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Stedman and Hutchinson, comps. A Library of American Literature:
An Anthology in Eleven Volumes. 1891.
Vols. IX–XI: Literature of the Republic, Part IV., 1861–1889

In Rama

By George Alfred Townsend (1841–1914)

A LITTLE face there was,

When all her pains were done,

Beside that face I loved:

They said it was a son.

A son to me—how strange!—

Who never was a man,

But lived from change to change

A boy, as I began.

More boyish still the hope

That leaped within me then,

That I, matured in him,

Should found a house of men;

And all my wasted sheaves,

Bound up in his ripe shock,

Give seed to sterner times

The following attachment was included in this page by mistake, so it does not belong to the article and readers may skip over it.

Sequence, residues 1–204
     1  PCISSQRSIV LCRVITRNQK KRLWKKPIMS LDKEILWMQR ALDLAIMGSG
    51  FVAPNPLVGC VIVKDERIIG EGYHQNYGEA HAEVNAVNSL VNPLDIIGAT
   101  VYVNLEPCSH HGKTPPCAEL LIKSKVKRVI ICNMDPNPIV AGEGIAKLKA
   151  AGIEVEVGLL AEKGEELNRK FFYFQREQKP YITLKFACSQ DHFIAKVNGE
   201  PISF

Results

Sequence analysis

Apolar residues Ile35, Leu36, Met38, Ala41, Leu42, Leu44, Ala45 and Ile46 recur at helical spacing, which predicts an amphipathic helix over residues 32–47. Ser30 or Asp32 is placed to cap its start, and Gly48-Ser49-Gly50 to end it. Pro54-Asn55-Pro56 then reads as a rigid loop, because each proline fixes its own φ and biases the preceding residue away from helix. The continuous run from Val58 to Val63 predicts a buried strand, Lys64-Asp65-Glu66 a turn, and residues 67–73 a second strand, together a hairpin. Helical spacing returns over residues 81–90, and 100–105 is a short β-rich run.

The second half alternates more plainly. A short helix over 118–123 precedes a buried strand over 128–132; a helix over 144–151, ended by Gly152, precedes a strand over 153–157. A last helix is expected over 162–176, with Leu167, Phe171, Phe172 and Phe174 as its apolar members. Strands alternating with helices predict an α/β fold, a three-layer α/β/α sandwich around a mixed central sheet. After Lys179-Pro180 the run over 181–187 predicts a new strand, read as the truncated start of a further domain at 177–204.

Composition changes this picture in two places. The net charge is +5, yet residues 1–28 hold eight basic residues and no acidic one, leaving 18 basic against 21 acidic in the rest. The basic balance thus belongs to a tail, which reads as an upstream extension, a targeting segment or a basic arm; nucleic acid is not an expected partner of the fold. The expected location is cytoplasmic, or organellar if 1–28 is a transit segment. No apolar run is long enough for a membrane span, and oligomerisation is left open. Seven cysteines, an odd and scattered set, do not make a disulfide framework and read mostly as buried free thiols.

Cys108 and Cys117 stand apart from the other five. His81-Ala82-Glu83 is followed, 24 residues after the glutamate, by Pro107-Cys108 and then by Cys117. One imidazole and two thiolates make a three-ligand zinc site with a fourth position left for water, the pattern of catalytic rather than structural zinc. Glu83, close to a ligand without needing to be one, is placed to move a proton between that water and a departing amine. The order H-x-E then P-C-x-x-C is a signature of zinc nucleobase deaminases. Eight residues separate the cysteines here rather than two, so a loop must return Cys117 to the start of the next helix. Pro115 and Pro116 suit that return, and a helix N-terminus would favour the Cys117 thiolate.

And name to sterner stock.

He grew to that ideal

And blossomed in my sight;

Strange questions filled his day,

Sweet visions in the night,

Till he could walk with me,

Companion, hand in hand;

But nothing seemed to be

Like him, in Wonder-land.

For he was leading me

Beyond the bounds of mind,

Far down Eternity,

And I so far behind.

One day an angel stepped

Out of the idle sphere—

The man had entered in,

The boy is weeping here.

My house is founded there

In heaven that he has won.

Shall I be outlawed, then,

O Lord who hast my son?

This grief that makes me old,

These tears that make me pure,

They tell me time is time,

And only heaven mature.